The news stations and news feeds of our media have been flooded with commentaries, perspectives, and emotionally charged images from Ferguson, Missouri. Once again, race has taken the forefront. If true to form, the topic will grow tired and worn out from the different spins taken and eventually it will fade from the news stations.
Until the next time.
Ferguson, Missouri isn’t the first time, either. The Watts Riots or Watts Rebellion in August of 1965 was sparked by an arrest of a young black man who was driving while intoxicated. The situation grew quickly out of control when an exchanged between the officers and the mother of the driver escalated. In the end, a 46 square-mile area would be torn by violence, fire, and other damage. Thirty-four people would die during the six-day long riots.
In 1992 after the acquittal of the police officers accused of brutally beating a black man named Rodney King, another six-day long riot exploded in Los Angeles. This time fifty-three people would die. The arrests and injuries from this riot were over 13,000 in number.
But racially charged events aren’t from just this country. It goes back to Europe where Bosnians and Serbians battled to keep one from committing genocide on the other. Or to Africa where countries like Rwanda, Uganda, and others have seen brutal killings of those who were different from the killers.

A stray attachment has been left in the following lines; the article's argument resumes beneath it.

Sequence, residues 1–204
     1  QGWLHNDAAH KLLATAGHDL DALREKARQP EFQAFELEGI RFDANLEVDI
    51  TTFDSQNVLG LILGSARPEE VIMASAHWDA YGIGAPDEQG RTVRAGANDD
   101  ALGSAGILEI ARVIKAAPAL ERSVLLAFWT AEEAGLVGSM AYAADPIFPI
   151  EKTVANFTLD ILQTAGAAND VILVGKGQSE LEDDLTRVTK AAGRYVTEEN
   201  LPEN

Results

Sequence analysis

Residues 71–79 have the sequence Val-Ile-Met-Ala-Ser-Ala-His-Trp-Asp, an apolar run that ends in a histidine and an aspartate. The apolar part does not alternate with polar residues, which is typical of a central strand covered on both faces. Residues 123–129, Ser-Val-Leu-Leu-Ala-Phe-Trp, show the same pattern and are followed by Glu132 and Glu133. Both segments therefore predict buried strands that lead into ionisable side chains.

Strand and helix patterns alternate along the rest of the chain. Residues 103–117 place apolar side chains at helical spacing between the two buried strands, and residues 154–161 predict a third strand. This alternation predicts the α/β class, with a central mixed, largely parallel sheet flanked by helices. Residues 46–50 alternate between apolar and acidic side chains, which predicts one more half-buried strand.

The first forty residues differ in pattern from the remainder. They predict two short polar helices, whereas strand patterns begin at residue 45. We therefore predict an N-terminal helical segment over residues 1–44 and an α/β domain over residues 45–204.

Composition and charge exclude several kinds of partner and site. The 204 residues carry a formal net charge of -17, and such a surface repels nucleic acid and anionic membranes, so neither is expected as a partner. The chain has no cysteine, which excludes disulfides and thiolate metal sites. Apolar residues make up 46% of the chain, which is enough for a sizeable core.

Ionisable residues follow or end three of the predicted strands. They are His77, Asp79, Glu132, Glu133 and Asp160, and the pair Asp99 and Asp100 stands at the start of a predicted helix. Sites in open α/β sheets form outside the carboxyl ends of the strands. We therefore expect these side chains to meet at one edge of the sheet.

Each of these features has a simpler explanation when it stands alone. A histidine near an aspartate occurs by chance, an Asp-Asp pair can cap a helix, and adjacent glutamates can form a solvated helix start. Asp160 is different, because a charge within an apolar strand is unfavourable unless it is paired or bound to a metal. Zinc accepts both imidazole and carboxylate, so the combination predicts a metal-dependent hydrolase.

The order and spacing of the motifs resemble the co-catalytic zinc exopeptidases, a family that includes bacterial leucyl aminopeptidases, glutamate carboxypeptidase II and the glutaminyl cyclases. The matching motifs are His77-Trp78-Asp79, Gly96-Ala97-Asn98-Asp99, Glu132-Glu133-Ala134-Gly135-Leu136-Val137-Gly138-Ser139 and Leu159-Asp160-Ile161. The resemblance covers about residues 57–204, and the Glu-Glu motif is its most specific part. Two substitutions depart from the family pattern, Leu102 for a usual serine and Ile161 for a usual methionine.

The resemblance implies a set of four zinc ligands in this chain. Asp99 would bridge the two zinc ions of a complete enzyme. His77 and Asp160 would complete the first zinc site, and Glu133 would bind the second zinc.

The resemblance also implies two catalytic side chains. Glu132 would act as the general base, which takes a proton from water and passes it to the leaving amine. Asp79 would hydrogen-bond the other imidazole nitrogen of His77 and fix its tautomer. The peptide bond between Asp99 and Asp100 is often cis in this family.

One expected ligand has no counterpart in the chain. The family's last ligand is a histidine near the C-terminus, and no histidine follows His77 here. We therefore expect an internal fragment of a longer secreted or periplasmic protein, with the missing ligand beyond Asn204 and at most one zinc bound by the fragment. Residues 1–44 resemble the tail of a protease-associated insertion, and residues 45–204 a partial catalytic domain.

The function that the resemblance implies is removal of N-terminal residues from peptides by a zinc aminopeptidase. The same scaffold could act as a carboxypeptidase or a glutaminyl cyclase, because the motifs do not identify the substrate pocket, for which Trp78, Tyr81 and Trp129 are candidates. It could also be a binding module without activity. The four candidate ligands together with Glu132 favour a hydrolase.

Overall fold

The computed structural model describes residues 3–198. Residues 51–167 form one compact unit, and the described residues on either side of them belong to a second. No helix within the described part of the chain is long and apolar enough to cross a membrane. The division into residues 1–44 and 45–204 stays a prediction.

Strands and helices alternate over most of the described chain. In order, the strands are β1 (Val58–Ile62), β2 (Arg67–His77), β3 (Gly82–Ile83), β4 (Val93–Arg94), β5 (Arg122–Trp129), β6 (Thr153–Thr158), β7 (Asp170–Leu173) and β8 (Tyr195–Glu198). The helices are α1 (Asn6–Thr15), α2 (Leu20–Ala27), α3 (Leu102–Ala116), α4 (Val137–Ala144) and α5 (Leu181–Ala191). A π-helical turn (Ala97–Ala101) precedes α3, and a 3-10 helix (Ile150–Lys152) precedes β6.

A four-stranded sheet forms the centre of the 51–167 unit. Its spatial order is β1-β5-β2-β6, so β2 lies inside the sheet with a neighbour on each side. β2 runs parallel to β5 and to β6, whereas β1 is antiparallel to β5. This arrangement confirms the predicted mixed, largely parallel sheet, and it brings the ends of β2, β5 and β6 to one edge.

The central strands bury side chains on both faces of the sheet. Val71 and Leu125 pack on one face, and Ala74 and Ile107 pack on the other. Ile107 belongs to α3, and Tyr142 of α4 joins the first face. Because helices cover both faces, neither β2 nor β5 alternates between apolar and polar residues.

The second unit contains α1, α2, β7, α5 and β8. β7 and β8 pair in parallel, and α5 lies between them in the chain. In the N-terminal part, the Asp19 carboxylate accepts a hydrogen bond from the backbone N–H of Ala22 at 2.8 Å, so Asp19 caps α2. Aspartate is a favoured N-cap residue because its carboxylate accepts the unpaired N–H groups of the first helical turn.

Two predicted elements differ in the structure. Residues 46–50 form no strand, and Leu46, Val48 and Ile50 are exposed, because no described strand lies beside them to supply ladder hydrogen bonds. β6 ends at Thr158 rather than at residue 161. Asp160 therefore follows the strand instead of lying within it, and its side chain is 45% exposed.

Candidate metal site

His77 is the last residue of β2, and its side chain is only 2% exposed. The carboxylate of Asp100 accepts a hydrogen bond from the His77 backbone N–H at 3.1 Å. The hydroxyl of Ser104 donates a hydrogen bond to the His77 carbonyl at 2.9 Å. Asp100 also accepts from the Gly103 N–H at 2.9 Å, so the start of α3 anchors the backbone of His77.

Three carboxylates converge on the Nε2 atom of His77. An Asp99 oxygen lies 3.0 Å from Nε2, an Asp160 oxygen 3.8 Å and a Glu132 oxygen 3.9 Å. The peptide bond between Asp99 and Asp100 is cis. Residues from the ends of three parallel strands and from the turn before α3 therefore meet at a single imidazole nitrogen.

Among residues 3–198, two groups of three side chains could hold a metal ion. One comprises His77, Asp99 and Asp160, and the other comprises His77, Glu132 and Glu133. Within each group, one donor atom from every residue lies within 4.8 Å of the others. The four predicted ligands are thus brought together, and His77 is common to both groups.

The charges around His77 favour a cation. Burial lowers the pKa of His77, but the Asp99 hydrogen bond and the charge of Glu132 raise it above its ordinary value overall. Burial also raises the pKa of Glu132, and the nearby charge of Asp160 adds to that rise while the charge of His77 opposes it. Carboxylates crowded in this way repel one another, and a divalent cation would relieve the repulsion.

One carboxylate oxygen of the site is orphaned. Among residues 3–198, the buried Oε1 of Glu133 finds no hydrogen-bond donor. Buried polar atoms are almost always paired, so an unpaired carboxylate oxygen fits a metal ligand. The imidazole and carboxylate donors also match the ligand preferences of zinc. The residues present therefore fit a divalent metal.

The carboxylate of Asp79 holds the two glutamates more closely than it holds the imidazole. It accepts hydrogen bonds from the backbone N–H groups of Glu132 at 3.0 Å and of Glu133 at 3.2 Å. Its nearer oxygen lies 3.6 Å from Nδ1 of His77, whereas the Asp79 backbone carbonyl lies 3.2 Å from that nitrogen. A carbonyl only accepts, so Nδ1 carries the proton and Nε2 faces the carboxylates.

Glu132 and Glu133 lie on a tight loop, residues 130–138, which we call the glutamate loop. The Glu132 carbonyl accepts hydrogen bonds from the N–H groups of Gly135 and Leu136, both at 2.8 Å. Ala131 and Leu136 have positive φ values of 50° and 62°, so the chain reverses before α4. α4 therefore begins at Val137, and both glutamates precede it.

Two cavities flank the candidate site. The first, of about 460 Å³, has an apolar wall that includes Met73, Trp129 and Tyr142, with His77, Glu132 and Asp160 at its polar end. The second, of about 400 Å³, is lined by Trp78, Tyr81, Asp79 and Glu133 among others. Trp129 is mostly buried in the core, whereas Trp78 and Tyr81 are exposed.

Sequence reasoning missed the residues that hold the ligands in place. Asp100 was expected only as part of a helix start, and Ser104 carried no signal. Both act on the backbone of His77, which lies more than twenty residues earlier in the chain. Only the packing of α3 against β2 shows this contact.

Just Google “Genocides in History” and you’ll find brutality all the way back to Genghis Khan. The point is, hatred isn’t new. It may change location, reason, or skin color, but the root of the issue is the heart.
The heart is deceitful above all things and beyond cure. Who can understand it? Jeremiah 17:9. Unless we, as human beings, start looking inside before we blame the outside, things will never change.
In the 1984 Paramount Pictures movie Footloose, Reverend Shaw has a watershed moment at the town library when he addresses his congregants who are burning books they feel are inappropriate. The Reverend tells them, “The problem isn’t in these books, it’s in here” (pointing to his heart). It’s true.
Until we address the root of our issues, our heart and its brokenness, no amount of conjecture or policy changes will bring change. It’s the reality of law versus free will. We must choose to forgive, ask forgiveness, seek understanding, and have compassion toward one another. I’m not preaching tolerance as much as I am praying for healing. Tolerance has become the battle cry of too many, who twist it’s meaning.
We must choose to listen first, understand the hurt and be a part of the healing. It’s the only way for restoration.
Ephesians 4:31-32 says it best, “Get rid of all bitterness, rage, and anger, brawling and slander and along with every form of malice. Be kind and compassionate to one another, forgiving each other, just as in Christ God forgave you.”